IBM is working on new search technology that may eventually give Google Inc. a run for its money, at least in the corporate space.
Officials at IBMs T.J. Watson Research Center here discussed with eWEEK this month how it is tackling the problem of understanding unstructured data. Using a combination of artificial intelligence techniques, IBMs UIMA (Unstructured Information Management Architecture) is the foundation for what Paul Horn, IBM senior vice president and director of research, calls "Google on steroids."
UIMA uses what officials call a "combination hypothesis" to deliver knowledge and understanding to bulk amounts of unstructured data. The combination of technologies solves a search problem by using them in unison in a kind of brute-force attack.
Salim Roukos, manager of multilingual natural language processing research at IBM Research, in Hawthorne, N.Y., and an expert in machine translation, said, "Through UIMA, the components [to approach the problem] were more readily available. And what were working on now is extending UIMA to support an effective way of combining these components."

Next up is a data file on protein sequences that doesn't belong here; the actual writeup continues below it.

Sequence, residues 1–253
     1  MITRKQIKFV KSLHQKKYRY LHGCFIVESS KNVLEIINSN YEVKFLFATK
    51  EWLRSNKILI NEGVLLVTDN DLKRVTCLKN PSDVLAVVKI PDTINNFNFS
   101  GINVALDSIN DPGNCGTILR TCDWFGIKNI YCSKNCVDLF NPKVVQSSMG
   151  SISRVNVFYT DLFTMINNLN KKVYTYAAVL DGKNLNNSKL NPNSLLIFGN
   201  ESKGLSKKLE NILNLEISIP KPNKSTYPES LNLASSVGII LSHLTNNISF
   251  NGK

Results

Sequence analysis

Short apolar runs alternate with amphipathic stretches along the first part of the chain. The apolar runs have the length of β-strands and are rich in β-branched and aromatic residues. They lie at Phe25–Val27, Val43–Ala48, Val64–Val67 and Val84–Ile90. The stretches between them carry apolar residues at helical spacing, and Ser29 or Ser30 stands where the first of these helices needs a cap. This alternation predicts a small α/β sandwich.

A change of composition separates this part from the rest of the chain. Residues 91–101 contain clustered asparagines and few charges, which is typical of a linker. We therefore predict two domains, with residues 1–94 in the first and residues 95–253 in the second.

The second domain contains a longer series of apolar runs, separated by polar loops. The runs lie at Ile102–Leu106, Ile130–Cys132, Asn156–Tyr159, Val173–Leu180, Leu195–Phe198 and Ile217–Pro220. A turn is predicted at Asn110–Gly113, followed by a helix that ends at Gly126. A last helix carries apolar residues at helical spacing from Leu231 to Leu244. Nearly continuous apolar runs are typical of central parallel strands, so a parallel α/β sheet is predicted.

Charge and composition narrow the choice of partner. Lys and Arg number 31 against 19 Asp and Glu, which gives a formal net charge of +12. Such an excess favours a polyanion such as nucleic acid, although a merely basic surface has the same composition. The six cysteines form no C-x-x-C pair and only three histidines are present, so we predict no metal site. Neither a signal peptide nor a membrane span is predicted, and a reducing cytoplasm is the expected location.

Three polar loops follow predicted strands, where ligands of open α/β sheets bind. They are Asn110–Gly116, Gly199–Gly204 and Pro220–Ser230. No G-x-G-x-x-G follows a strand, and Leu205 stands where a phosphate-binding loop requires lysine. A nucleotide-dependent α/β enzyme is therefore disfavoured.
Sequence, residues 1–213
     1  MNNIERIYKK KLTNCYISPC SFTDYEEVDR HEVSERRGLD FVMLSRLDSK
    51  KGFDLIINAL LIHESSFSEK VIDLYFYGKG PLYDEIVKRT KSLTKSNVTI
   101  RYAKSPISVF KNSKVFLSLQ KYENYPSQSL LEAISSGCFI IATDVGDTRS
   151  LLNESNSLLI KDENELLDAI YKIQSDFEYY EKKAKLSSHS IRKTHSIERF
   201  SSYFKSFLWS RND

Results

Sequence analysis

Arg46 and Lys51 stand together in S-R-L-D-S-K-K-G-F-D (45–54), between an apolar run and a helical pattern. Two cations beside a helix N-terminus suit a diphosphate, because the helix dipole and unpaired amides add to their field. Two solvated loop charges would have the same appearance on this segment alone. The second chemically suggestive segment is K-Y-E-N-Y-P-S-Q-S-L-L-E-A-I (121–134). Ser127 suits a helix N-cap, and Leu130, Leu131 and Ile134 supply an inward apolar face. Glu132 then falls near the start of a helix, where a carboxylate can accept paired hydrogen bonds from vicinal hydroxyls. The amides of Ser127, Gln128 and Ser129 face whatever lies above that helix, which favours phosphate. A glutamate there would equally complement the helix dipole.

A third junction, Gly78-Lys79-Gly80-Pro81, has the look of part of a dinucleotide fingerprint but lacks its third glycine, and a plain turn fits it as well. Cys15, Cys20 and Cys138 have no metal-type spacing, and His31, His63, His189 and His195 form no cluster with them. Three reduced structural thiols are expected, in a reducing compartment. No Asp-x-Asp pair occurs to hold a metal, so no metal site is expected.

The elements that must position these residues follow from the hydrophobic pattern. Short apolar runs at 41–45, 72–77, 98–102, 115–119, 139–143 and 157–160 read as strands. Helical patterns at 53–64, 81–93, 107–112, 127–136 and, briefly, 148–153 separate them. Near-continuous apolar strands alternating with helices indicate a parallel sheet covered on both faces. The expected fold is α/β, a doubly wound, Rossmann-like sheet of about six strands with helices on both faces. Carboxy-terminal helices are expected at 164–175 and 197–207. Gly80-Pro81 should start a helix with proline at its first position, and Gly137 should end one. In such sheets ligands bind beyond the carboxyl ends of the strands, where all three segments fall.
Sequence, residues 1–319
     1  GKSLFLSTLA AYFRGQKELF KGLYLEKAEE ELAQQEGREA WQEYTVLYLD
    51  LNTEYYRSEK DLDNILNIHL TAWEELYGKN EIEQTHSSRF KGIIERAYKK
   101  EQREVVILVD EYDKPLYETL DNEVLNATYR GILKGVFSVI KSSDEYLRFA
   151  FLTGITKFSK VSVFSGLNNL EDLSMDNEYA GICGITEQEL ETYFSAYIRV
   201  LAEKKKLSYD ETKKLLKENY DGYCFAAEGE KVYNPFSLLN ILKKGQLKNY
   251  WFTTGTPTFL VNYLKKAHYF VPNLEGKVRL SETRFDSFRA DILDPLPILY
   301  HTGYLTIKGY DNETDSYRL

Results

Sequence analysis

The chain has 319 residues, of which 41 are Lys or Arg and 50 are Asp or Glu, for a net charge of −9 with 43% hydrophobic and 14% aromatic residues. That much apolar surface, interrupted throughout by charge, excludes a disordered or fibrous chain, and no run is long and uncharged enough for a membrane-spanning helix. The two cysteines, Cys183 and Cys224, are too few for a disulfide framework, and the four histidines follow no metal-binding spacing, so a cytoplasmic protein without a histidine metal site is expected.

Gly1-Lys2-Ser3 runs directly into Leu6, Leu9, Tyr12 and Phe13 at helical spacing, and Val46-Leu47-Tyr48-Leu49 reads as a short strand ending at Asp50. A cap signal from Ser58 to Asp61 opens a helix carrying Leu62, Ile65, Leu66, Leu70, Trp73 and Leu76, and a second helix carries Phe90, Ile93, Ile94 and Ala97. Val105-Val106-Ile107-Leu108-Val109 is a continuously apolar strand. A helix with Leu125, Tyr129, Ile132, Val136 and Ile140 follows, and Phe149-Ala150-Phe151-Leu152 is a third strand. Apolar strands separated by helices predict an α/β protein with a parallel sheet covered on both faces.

IBM has developed three systems based on UIMA. The first, internally called Jedi, is a pure Java version of the framework; another is a C++ version. A third, which is the most likely to go into broader use and into products in some form, is called Web Fountain and uses a Web services approach.
Horn said Web Fountain "goes out on the Net, crawls around and reads text. It reads the text, understands the text and will tell you whats in the text."
Web Fountain also features natural language functionality, which allows it to find correlated subjects. "Weve done this for a number of big companies; one is British Petroleum [plc.]," Horn said. "We went out and found out what people were saying about them."
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UIMA is an example of how IBMs research arm works with its product and services divisions to turn out new offerings in each, officials said.
"Were using this technology to differentiate our consulting practices," said Horn. "But the core search technology is going into our software products, such as the portal," and other technologies.